More on 'the Gap'

:::Absolutely no reason for this picture except that it matches the one in the previous post.

I've had interesting conversations in the past 24 hours since posting the Women of Chaos entry. Two clarifications...

1) It isn't only women.

2) Apparently, there really is something to this "gap" thing. This idea that the space between "what is expected" and "what is" is what creates the drama.

For example, if all of her life a woman wanted to be a stay-at-home mom, but her financial (or marital) situation forced her to work and put her kids in day care, then she could feel like she is "doing things wrong." (That's just one scenario that was shared with me. There were others.)

This perception of life not being what it is "supposed to be" could send her on a quest to figure out what she is doing wrong. (Or worse, for who is to blame for her situation.) After all, if she could just "fix" things, she could live the life she was meant to live. And if everything in her world becomes about resolving that gap, then anything that is representative of the life she is living that isn't the one she wished for could make her feel persecuted. She could wind up resenting her spouse, her boss, or even the slow clerk at the grocery store. Normal, everyday things would become frustrations of epic proportions.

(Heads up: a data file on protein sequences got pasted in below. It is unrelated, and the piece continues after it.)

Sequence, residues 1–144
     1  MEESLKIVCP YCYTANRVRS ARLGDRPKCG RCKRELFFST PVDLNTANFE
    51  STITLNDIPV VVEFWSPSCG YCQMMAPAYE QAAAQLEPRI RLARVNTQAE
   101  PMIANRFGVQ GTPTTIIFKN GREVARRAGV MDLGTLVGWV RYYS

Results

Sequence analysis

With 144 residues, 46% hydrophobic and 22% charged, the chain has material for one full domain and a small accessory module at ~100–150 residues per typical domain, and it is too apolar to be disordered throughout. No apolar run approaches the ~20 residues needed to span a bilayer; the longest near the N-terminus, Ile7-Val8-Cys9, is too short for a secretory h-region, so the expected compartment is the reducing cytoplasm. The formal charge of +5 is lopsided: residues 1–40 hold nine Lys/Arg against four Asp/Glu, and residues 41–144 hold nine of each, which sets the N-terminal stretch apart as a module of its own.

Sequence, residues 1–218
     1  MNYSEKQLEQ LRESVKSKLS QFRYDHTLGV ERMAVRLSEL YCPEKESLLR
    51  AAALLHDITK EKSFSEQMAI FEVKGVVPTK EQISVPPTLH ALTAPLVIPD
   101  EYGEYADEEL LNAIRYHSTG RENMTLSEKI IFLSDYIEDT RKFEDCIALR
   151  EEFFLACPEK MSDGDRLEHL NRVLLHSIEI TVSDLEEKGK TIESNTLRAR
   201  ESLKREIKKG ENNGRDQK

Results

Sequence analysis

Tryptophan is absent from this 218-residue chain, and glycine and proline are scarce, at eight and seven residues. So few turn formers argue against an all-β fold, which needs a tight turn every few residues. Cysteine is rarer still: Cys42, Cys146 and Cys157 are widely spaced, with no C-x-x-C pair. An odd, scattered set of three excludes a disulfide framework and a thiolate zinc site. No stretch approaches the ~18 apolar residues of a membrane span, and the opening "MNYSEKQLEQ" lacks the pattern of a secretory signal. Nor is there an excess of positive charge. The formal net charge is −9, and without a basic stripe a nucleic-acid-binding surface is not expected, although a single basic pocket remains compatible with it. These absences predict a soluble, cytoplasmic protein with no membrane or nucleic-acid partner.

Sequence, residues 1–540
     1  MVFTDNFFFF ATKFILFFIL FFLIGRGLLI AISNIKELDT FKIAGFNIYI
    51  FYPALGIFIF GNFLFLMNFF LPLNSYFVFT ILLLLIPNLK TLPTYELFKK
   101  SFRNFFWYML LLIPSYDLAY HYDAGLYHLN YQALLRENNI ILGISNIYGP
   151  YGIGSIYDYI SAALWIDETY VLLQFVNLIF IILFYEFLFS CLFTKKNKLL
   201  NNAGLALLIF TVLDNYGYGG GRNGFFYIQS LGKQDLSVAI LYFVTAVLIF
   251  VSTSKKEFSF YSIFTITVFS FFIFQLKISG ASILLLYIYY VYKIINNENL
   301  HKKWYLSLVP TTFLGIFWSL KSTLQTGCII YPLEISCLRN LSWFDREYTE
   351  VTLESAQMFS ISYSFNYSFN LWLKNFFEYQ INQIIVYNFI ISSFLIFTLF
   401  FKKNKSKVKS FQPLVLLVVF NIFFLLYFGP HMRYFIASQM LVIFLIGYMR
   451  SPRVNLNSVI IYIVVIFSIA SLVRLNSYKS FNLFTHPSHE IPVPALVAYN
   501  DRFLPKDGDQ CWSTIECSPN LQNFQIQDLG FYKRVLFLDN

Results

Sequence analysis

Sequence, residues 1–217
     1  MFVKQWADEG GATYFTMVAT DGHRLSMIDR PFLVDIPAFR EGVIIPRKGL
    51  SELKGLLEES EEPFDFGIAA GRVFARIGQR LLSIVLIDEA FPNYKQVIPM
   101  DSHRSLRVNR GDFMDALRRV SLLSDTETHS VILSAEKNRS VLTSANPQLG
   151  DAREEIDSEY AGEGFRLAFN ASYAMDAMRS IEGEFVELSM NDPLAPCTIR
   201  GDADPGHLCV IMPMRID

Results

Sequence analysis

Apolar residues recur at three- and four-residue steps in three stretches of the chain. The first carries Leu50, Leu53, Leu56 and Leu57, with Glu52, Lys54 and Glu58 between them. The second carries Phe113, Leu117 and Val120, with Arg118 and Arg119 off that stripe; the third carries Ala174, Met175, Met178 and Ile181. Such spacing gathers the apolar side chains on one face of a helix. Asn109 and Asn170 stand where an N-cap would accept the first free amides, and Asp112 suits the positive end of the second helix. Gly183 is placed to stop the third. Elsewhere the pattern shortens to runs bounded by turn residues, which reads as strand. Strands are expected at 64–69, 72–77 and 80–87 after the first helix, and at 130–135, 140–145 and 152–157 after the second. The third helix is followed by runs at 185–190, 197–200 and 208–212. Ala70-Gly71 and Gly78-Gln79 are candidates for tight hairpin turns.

What if her perspective changed? What if she saw the whole world as imperfect, but still felt there was joy to be found? What if she quit seeing herself as "stuck" but as exactly where she should be for right now?

It occurs to me that people of peace are the people who find the beauty in what is instead of ignoring it to chase an ellusive set of circumstances. They are people who see that life is transitory. It seems that those busy in the joy of what is don't miss the opportunities that present themselves. They are incredibly apparent. They aren't drowned out in a din of frustration and drama.

My personal perspective is that the shift from drama to contentment has to do with gratitude. Not a fake kind of resignation that pastes a happy face on top, but a genuine appreciation for the gifts in life. And while the simplicity of it can seem too good to be true, I think it actually, truly works.

As for "women in chaos", I think we've cracked the code. The best thing we can do is point out the beautiful things and hope they embrace peace.

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Maira Gall